[Note: I was paying attention specifically to the quantitative data. However, I suggest everyone read the individual rubrics and pay close attention to the notes. There are some very interesting facts. Names of the NAC members were redacted, and probably for good reason.]

A Problematic Process: A Low Bar, Grade Inflation, and Erasures

ASD 1

When reviewing the NAC rubrics and scoring sheets, I was immediately surprised to find that the cut score on the rubric was 50%. A passing mark of 50% seems extraordinarily low and, honestly, reminds me of the long abandoned grade scale used by the ASD where 46 was considered passing. Second, I noticed that a couple CMOs were barely passing with scores in the low to mid 50s. Third, I noticed quite a few scores were erased from consideration due to “insufficient evidence bordering on opinion.”

Let’s take each point in turn. It seems very plain that the bar set for CMOs is really low in the matching process. To make matters worse, passing the 50% mark is almost guaranteed using the scoring rubric set by the ASD. The ASD used a four point Likert scale to measure if the CMO was meeting expectations. Each level of measurement was given a score from 1 to 4 (except Demonstration of Community Outreach, which receives a score of 3, 6, 9, 12); the scored are then added up and divided by the total to provide an average percentage. First and foremost, the 1 to 4 scale is problematic because even if a CMO fails to meet the standard of any measure by a NAC member, they still score 25%. These free points set the floor high enough that it tells a CMO that they only have to strive for 25 percentage points in order to pass. In theory, if every NAC member thought the CMO “partially met the standard” then the CMO would be matched with a school. With most scores hovering in the 50s, that’s exactly what happened.

The floor is so high and the ceiling is so low, it makes it very difficult for a CMO to not match with a school. The scoring mechanism for the NAC rubrics is blatantly biased in favor of matches and takeovers. Furthermore, the glaringly low expectations for CMOs in this process stands completely against the rhetoric of high expectations espoused by the ASD, most recently by Chris Barbic himself. It’s hypocritical to the standards held to the schools slated for takeover, which requires a TVAAS 4 or 5 from schools on the priority list. Take Raleigh-Egypt Middle School, which scored a TVAAS of 3 this year with a TVAAS of 5 last year, which is now in the hands of Scholar Academies, which partially met expectations with a score of 54.17%. That’s absurd, but it doesn’t end there.

The sheer amount of redactions is shocking. The most appalling is Green Dot’s rubric for Kirby Middle, where several individual scores were erased and at least two whole rubrics were taken out of consideration. However, if you look at the rubrics yourself, you see that this NAC was very thorough, their reasoning is sound, and they substantiated their arguments with evidence. Take for example this apparently redacted assessment for Green Dot partially meeting the standard for community engagement:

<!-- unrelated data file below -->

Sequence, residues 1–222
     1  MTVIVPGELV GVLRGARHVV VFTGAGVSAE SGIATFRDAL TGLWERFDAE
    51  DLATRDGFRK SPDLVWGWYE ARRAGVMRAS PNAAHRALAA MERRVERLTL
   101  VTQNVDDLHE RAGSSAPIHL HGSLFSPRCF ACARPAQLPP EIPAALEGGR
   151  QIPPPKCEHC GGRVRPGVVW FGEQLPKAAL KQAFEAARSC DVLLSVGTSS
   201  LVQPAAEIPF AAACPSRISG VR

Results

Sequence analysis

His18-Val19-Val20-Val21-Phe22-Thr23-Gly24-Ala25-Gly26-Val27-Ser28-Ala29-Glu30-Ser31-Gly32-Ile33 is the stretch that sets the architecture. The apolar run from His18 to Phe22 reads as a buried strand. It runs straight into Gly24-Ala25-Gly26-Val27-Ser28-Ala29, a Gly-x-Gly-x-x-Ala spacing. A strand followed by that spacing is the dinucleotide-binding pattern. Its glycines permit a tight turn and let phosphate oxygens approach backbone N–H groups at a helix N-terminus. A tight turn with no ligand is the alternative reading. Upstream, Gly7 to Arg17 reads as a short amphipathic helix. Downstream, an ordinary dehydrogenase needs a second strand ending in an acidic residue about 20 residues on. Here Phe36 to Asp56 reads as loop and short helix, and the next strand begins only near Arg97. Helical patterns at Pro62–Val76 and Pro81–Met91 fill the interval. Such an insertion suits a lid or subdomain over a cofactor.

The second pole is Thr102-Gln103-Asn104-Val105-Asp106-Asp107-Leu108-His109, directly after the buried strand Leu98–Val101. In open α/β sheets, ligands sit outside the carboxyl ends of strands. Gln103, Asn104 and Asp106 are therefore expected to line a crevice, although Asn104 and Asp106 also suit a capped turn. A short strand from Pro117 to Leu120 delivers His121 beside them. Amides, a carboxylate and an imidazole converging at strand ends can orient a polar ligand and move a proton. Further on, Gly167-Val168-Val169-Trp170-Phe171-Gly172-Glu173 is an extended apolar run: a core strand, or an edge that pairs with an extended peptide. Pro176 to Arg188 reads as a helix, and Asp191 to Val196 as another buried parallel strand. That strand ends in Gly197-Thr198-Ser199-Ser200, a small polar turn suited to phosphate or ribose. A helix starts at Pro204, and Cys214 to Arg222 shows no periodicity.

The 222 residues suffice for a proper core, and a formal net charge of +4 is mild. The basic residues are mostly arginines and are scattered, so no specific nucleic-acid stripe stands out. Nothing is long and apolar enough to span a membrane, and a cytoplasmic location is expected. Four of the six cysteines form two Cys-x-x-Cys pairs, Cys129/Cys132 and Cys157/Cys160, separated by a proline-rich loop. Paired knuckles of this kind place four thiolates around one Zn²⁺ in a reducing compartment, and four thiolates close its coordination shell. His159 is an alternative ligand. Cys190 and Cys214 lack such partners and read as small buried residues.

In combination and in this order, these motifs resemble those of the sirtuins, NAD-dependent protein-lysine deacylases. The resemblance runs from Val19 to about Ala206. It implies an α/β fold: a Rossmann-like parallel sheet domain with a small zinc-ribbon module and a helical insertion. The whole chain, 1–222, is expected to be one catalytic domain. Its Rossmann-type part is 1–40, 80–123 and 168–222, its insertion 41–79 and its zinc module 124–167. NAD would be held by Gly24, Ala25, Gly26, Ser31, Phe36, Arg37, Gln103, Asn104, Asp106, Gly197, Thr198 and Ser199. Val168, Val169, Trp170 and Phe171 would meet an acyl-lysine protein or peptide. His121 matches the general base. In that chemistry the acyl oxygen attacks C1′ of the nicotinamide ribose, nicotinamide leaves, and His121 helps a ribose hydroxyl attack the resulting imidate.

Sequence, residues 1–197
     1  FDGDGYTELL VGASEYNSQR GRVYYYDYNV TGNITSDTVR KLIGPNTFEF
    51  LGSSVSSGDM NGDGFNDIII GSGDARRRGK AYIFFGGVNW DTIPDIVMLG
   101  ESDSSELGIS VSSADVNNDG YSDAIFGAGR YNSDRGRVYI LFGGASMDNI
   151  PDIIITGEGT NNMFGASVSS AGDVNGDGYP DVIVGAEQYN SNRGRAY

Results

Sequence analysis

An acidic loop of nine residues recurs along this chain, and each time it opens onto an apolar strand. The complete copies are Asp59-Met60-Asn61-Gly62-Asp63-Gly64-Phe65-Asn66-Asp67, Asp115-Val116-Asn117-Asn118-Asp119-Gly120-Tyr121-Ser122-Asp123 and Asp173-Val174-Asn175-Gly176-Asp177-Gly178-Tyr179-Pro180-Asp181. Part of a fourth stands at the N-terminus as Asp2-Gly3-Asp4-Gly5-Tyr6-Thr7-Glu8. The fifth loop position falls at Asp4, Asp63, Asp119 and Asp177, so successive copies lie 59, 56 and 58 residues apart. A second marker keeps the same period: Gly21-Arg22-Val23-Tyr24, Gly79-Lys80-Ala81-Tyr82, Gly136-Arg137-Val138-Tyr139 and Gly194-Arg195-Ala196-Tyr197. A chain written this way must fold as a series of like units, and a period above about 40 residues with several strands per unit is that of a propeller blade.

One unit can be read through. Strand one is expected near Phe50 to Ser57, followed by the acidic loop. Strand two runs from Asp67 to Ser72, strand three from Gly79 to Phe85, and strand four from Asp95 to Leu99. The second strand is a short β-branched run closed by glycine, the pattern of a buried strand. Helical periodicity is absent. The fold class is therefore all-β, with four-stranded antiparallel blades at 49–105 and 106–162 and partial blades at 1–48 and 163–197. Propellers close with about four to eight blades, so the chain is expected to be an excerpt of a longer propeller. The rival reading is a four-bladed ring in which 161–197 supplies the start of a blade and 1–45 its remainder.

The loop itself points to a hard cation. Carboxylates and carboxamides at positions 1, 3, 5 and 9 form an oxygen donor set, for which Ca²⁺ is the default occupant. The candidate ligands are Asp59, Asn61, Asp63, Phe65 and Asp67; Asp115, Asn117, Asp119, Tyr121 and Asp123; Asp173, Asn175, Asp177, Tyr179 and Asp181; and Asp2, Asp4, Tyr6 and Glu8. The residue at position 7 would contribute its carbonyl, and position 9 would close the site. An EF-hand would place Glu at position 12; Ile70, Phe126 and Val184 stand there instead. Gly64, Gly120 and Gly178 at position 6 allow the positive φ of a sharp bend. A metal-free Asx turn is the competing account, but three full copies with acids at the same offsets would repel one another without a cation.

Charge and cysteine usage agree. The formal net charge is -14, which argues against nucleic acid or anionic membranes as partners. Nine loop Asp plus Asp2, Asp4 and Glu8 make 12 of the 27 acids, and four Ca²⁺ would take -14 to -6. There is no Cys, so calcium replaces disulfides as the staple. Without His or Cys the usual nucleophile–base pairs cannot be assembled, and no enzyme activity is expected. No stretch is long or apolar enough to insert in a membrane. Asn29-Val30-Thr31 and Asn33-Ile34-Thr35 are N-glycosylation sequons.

The application demonstrated plans for parent engagement but the operator presentation of how parents are involved in the school was not convincing. When asked about engaging parents at the level required to made (sic) significant cultural changes, the operator was not able to give a strong plan of action.

The NAC member then provides a long list of concerns about community engagement with references to documentation and examples of personal experience. And would it be a surprise that the redacted scores appear to be 1s and 2s rather than 3s and 4s? Consider this assessment of “meeting, with reservations” with a rationale of “Operator understands necessary interventions for the student population. Green Dot has shown academic success at Fairley” with the strengths being “As stated they are the leaders in the school turnaround. They have demonstrated success rates in schools not only in Memphis but other cities.” With Fairley’s composite TVAAS of 2 last year, I disagree.

A Second Look

So there are two major issues with the NAC rubric scores. First, there is the low bar set for CMOs. Second, the redactions on the NAC scores appear inconsistent and biased toward high scores, ensuring that a CMO matches. So I decided to recalculate the rubric scores. I first make “not meeting expectations quantifiably unacceptable by recalculating the scores without the free points while keeping the passing score at the ASD’s 50% mark. Second, I analyzed the final NAC averages using the redacted scores. Finally, combine the former to methods to see where the NAC scores stand. All data came directly from the individual rubrics and scoring sheets provided by the ASD.

ASD 2

In order to the account for the roughly free 25 percentage embedded in the measurement tool of the NAC rubrics, I simply changed the scale from 1 to 4 to 0 to 3. In essence, CMOs are awarded no points for “not meeting expectations.” If CMOs surpass the 50% mark, simply put, this would put the aggregate score must be somewhere between “meeting expectations with reservations” and “partially meets the standard.” Even with the ASD’s redacted score, the results are not promising. Caldwell-Gutherie is the only school matched with 80.79 percent. Kirby has 48.98%, Hillcrest has 34.52%, Raleigh-Egypt Middle has 38.33 percent, 29.39%. It’s apparent that a buffer of about 25 percentage point drastically changes the outcome.